His answer has troubled some readers and listeners for generations. Alluding to Isaiah 6:9, Jesus told them the parables served to keep the lost at bay. Or so it would appear.

I have read this passage hundreds of times and each time it troubles me anew. Is Jesus truly holding the door shut to keep people out? Then I recall the parable itself and the brilliant insight shared with me by a rural Guatemalan farmer and pastor.

I was in a mountain village teaching indigenous pastors how to do Bible Dialoguing. When we looked at this passage, one pastor commented, “This parable has never made sense to me. When I plant corn, I always shape a small cone, poke a hole in the top, drop in three seeds and cover the hole back up.” Then he mused, “I would never toss seed on the road or into the brambles.”

In that moment, my Guatemalan brother revealed the heart of God to me.

The sower did not scatter cautiously—the seed went everywhere…even among those without the least interest in the Good News of the Kingdom. I once heard a young woman announce after hearing the message, “Even if you could PROVE to me that God exists, I would not change the way I live!” But the Good News was preached to her nonetheless.

After Jesus preached, the confused but spiritually hungry sought him out and asked questions. The smug and self-satisfied shrugged their shoulders and wandered back to their affairs, unimpressed with the Nazarene storyteller. The former got what they were looking for (an explanation); so did the latter.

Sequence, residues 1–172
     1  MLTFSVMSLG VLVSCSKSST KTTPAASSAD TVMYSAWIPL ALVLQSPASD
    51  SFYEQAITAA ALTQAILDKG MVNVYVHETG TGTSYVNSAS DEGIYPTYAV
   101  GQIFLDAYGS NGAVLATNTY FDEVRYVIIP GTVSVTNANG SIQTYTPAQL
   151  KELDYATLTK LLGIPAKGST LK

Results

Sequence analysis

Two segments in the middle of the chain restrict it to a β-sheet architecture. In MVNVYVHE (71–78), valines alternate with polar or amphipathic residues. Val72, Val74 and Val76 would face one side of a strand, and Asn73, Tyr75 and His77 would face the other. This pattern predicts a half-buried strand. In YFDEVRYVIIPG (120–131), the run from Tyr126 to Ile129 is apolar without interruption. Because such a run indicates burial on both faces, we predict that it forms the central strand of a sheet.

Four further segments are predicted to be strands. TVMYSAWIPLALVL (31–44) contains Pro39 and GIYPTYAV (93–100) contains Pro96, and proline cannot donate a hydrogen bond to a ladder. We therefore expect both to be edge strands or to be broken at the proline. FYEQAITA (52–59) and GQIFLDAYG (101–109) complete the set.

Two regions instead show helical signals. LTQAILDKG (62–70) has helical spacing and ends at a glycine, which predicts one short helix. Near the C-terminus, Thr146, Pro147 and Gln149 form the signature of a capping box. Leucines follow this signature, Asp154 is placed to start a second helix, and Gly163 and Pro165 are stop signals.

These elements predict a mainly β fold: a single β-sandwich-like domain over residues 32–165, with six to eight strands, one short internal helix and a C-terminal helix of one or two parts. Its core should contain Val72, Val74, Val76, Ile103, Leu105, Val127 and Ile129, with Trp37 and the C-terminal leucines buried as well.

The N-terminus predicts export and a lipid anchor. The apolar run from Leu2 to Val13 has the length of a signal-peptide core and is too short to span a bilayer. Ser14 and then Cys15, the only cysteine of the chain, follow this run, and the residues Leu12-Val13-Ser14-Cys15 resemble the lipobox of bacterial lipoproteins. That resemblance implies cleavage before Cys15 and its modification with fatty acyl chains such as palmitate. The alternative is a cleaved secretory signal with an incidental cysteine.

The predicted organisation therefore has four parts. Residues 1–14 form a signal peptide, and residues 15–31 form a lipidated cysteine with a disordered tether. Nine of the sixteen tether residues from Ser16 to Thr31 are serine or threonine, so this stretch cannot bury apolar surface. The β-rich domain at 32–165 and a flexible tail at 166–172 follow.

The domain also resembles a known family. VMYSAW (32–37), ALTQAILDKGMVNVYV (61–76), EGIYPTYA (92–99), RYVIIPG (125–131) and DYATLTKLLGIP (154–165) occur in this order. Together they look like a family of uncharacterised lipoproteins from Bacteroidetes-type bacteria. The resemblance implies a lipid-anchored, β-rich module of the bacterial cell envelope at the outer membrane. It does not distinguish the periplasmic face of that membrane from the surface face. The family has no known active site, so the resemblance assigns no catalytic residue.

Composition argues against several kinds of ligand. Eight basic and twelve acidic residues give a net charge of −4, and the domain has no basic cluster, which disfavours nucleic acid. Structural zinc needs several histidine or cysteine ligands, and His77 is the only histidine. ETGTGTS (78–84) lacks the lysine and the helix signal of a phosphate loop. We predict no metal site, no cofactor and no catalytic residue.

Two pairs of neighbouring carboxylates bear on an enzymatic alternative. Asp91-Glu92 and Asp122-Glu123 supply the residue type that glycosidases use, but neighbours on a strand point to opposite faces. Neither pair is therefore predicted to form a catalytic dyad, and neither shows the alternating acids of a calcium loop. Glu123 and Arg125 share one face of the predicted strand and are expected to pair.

When I step into the “house” of this parable and look out the window, I see the spendthrift generosity of God spreading the message of grace everywhere—where both the spiritually hungry seize it, and the hard-hearted stonily reject it. I also see myself: sometimes hard and unyielding to the seed, sometimes choking it, sometimes (hopefully more consistently) allowing it to have its way with me. And on most days I also recognize myself among the confused but spiritually hungry, asking questions and waiting for His answers.

What stones or thistles in my own life suppress my spiritual hunger and so throttle my fruitfulness?

Young Adult Quakers are invited to gather at Jordans Friends Meetinghouse and Centre, August 21-25, at Beaconsfield, not far from London, UK. Information and registration form are here. Additional information (new since I last mentioned this event) is here: "Where Two or Three are Gathered." (PDF.)

"Are Nuclear Weapons Moral? In Search of Orthodox Christian Thought on Deterrence and Disarmament," with an invitation to Orthodox Christians to participate in a survey. (However, let's not forget the late Jim Forest, Orthodox friend of Friends.)

Another friend of Friends: Palestinian Christian leader Elias Chacour. Thanks to Daniel Wilcox for this interview with the archbishop. The full interview is here (PDF), starting on page 16.

Anat Matar remembers Walid Daqqa, a prisoner with a ‘heretical belief in life,’ who called Anat his Jewish sister. (With thanks to Sharon Gustafsson for the link.)

It’s hard to be optimistic and believe in life when there is so much destruction and death in our region, but the refusal of death is a fragile faith in life. And fragile faith is preferable to surrender.

Going to the Dogs: John Kinney of Spokane Friends Meeting, on Matthew 15:21-28.

Mavis Staples, with Rick Holmstrom on lead guitar, "Wade in the Water."